Social Justice: The Moral Foundations of Public Health and Health Policy by Madison PowersSocial Justice: The Moral Foundations of Public Health and Health Policy by Madison Powers

Social Justice: The Moral Foundations of Public Health and Health Policy

byMadison Powers, Ruth Faden

Paperback | September 15, 2008

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In bioethics, discussions of justice have tended to focus on questions of fairness in access to health care: is there a right to medical treatment, and how should priorities be set when medical resources are scarce. But health care is only one of many factors that determine the extent to whichpeople live healthy lives, and fairness is not the only consideration in determining whether a health policy is just. In this pathbreaking book, senior bioethicists Powers and Faden confront foundational issues about health and justice. How much inequality in health can a just society tolerate. Theaudience for the book is scholars and students of bioethics and moral and political philosophy, as well as anyone interested in public health and health policy.
Madison Powers is Director and Science Research Scholar, Kennedy Institute of Ethics, and Associate Professor of Philosophy, Georgetown University. Ruth Faden is Wagley Professor of Biomedical Ethics, and Director, Berman Bioethics Institute, Johns Hopkins University.
Title:Social Justice: The Moral Foundations of Public Health and Health PolicyFormat:PaperbackDimensions:240 pages, 9.25 × 6.13 × 0.68 inPublished:September 15, 2008Publisher:Oxford University PressLanguage:English

The following ISBNs are associated with this title:

ISBN - 10:0195375130

ISBN - 13:9780195375138

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Table of Contents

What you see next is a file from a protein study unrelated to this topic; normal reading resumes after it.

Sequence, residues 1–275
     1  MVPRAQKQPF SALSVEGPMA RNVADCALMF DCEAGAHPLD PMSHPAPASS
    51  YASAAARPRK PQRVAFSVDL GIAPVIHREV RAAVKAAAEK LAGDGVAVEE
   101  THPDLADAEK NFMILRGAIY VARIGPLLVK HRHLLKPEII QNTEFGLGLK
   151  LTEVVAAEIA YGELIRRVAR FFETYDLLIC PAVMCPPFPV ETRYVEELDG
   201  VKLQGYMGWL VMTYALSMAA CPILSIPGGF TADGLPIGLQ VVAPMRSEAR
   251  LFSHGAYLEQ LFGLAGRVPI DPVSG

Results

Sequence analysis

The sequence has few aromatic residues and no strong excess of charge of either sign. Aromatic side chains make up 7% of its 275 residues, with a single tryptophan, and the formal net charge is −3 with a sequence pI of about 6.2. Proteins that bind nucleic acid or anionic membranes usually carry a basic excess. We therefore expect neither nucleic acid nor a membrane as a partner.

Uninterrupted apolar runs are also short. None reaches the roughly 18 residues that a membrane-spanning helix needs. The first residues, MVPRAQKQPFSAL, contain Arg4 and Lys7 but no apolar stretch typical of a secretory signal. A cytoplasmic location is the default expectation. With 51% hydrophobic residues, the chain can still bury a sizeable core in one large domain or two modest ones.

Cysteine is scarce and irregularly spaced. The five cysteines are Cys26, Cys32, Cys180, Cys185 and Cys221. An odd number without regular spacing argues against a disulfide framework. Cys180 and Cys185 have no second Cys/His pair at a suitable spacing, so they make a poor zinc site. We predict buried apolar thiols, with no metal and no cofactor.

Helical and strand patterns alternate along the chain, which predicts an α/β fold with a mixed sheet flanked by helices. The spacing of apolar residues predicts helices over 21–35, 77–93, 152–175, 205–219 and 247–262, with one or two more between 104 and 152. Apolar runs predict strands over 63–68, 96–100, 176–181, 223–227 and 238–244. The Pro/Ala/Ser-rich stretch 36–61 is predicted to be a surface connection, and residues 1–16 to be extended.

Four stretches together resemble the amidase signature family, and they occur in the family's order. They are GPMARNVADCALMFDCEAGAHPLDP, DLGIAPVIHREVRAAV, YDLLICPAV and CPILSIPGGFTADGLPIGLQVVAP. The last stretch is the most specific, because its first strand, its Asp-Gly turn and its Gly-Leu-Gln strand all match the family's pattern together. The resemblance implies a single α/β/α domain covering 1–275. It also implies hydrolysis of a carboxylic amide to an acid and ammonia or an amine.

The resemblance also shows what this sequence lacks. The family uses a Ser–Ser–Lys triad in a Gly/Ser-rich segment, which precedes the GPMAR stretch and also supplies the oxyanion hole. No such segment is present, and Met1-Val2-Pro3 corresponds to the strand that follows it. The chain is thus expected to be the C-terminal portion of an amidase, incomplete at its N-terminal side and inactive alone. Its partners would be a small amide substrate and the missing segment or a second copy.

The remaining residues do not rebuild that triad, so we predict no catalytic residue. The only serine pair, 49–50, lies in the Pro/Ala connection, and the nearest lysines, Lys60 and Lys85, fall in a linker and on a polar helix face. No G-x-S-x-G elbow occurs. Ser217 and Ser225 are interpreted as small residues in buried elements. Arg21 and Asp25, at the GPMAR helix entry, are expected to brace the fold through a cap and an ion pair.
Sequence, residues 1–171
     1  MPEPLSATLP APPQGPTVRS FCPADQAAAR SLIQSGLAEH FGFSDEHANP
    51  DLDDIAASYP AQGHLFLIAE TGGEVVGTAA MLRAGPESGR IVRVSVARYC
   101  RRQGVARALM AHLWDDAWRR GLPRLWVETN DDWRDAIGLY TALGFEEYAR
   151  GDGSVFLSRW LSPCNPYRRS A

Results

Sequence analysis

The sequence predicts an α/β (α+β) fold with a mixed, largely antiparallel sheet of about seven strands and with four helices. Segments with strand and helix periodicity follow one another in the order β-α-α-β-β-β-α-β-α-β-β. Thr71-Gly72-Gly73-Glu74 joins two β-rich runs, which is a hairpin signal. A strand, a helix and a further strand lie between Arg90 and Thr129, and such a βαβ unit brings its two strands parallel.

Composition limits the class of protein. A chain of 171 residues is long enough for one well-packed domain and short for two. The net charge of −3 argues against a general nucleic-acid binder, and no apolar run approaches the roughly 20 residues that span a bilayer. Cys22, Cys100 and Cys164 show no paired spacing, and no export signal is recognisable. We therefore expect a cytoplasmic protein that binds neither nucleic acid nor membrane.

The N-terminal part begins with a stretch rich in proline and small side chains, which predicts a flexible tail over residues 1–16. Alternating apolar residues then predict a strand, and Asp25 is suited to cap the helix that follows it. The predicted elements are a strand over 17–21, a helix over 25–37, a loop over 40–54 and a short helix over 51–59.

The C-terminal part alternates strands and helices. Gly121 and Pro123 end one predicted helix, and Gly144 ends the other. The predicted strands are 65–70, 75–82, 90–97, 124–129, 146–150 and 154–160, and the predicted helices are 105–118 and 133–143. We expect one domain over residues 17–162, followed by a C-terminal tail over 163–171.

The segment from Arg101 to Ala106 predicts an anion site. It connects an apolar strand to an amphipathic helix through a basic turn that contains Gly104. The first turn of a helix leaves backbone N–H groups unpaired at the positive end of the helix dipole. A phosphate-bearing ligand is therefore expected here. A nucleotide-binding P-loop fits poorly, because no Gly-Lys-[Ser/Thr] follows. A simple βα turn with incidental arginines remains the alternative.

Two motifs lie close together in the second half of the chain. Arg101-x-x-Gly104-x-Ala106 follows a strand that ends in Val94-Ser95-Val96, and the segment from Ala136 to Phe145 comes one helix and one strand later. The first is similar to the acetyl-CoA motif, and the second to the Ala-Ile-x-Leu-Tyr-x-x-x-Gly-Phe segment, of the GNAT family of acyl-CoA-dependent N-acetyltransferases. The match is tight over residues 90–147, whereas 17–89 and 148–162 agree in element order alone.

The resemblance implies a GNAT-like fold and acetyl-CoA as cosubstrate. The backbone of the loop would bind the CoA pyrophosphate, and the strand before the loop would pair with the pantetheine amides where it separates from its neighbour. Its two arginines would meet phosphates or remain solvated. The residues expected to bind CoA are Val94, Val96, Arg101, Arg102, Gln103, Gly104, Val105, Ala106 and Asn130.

Chapter 1: The Job of Justice1.1 Which Inequalities Matter Most1.2 Justice and Well-Being1.3 Justice, Sufficiency, and Systematic Disadvantage1.4 Foundations of Public Health1.5 Medical Care and Insurance Markets1.6 Setting Priorities1.7 Justice, Democracy, and Social ValuesChapter 22.1 Introduction2.2 Essential Dimensions of Well-Being2.3 A Moderate Essentialism2.4 Well-Being and Nonideal Theory2.5 The Main Alternatives2.6 Capabilities, Functioning, and Well-Being2.7 Relativism, Moral Imperialism, and Political Neutrality2.8 Justice and Basic Human RightsChapter 3: Justice, Sufficiency, and Systematic Disadvantage3.1 Varieties of Egalitarianism3.2 The Leveling-Down Objection3.3 The Strict Egalitarian's Pluralist Defense3.4 Is the Appeal to Equality Unavoidable3.5 A Sufficiency of Well-Being Approach3.6 Toward a Unified Theory of Social Determinants and Well-Being3.7 Densely Woven, Systematic Patterns of Disadvantage3.8 ConclusionChapter 4: Social Justice and Public Health4.1 Introduction4.2 Moral Justification for Public Health4.3 Public Health, the Negative Point of Justice, and Systematic Disadvantage4.4 Public Health, the Positive Point of Justice, and Health InequalitiesChapter 5: Medical Care and Insurance Markets5.1 The Moral Foundations of Markets5.2 Sources of Market Failure5.3 Responses to Market Failure: Some Examples from the U.S. Experience5.4 Making Matters Worse: Employer-Based Insurance in the United States5.5 Private Markets and Public Safety NetsChapter 6: Setting Priorities6.1 Introduction6.2 Mimicking Markets6.3 Cost-Effectiveness and Cost-Utility Alternatives6.4 Systematic Disadvantage6.5 The Relevance of Childhood, Old Age, and Human Development6.6 Beyond Separate Spheres of Justice6.7 Trade-Offs within Health6.8 ConclusionChapter 7: Justice, Democracy, and Social Values7.1 Lost on the Oregon Trail7.2 From Substantive Justice7.3 Mimicking Majorities: Moralizing Preferences and Empiricizing Equity7.4 Theory, After All?7.5 DALYs, Deliberation, and Empirical EthicsChapter 8: Facts and TheoryReferencesAuthor IndexSubject Index